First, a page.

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British Airways to buy 12 A380s

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British Airways to buy 12 A380s

Old 27th Sep 2007, 06:38
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British Airways to buy 12 A380s

Announcememt from Airbus this morning
British Airways will buy 12 Airbus A380 aircraft as part of the airlines’ long term fleet modernisation. The announcement marks the first time British Airways has selected to introduce Airbus aircraft for the company’s long haul fleet. The decision vindicates Airbus’ product strategy. The A380 is a key part of the solution for sustainable growth and eco efficiency in air transportation.
The aircraft will be powered by Rolls-Royce engines.
It's been a long time coming.....

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Old 27th Sep 2007, 06:43
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Along with 24 Boeing 787s. and options for a further 7 A380s, and 18 787s.
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Old 27th Sep 2007, 06:53
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Thumbs down Duff Gen

Mmmmmm....nothing in Press Releases on EADS or Airbus web sites
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Old 27th Sep 2007, 06:56
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It was a stock exchange announcement.

See: http://www.flightglobal.com/articles...eing-787s.html
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Old 27th Sep 2007, 07:02
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The official BA announcement is here:
http://www.bashares.com/phoenix.zhtm...162&highlight=
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Old 27th Sep 2007, 07:11
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Email sent out to all staff this morning confirming this.
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Old 27th Sep 2007, 07:19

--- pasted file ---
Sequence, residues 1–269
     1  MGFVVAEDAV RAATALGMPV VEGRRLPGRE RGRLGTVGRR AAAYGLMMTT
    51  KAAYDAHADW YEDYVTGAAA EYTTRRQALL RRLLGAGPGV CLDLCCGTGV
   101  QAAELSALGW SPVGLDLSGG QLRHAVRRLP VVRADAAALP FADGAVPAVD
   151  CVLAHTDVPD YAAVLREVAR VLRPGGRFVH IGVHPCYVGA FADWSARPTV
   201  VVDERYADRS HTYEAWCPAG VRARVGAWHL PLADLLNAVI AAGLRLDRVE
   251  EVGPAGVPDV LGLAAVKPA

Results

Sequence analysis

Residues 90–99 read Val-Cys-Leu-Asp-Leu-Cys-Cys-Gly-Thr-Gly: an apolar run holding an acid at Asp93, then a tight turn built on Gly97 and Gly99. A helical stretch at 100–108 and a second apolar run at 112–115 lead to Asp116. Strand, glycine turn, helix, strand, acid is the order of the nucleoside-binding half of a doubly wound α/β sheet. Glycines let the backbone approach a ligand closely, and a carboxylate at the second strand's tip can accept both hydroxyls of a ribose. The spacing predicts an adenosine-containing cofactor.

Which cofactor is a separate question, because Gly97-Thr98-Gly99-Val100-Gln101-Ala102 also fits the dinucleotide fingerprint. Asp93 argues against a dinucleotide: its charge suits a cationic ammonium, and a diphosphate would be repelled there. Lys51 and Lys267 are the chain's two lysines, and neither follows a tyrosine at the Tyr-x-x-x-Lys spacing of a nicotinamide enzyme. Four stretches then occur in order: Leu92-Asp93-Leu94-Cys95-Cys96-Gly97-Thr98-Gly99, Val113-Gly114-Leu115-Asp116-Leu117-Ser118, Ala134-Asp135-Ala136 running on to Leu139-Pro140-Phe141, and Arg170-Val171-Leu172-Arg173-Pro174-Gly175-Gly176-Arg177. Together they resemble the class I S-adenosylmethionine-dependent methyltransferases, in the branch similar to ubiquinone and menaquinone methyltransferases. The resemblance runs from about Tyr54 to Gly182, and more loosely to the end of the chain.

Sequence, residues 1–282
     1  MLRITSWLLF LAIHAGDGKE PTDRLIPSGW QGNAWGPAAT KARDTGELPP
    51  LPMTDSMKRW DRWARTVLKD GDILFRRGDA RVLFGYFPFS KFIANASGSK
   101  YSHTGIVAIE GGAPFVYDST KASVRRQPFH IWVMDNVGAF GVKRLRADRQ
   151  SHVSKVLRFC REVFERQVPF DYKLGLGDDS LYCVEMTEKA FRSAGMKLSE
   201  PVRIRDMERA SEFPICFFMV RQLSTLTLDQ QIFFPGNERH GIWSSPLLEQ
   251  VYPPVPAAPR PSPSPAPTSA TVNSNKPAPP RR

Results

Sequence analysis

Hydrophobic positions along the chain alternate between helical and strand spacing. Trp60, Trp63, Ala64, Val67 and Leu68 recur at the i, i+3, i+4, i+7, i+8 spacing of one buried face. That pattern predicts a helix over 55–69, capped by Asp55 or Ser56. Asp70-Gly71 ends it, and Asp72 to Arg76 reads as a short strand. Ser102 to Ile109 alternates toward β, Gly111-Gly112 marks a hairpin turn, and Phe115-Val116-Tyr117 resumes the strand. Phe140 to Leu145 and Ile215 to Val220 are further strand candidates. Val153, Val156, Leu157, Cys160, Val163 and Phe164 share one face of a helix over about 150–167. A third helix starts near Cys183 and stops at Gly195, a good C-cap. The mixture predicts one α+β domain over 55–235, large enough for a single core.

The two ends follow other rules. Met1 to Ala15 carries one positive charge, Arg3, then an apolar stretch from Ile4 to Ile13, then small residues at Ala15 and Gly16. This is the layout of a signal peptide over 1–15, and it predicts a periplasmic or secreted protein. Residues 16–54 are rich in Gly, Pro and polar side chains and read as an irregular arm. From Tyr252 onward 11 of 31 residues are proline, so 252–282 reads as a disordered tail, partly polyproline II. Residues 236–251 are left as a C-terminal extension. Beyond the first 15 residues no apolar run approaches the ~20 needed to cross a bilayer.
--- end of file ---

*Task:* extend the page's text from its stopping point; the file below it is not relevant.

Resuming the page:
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Quite right T-Rotor - I should have mentioned the Boeings as well. I just thought the Airbus order was a tad more surprising.

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Old 27th Sep 2007, 07:43
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Does this make the 747-8 a 'one airline' airliner I wonder? Pointedly no reference to it in the above article and Press Release below:

BA PRESS RELEASE

British Airways has today placed an order for 12 Airbus A380 and 24 Boeing 787 aircraft with options for a further seven Airbus A380s and18 Boeing 787s. Both aircraft types will be powered by Rolls-Royce engines.

The new aircraft will replace 34 of the airline's longhaul fleet and will be delivered between 2010 and 2014. The order, including options, will give the airline the ability to grow its capacity by up to four per cent per year and the flexibility to tailor its future capacity growth in line with market conditions.

The aircraft will be greener, quieter and more fuel efficient with significantly lower carbon dioxide emissions and reduced impact on local air quality. This was a key consideration in the order.

Willie Walsh, British Airways' chief executive, said: "This is an exciting day for British Airways with our largest fleet order since 1998. It's great news for our business, our customers and the environment.

"These aircraft set the gold standard when it comes to environmental performance in the key areas of CO2 emissions, local air quality and noise. They will contribute significantly to our target of improving fuel efficiency by 25 per cent between 2005 and 2025.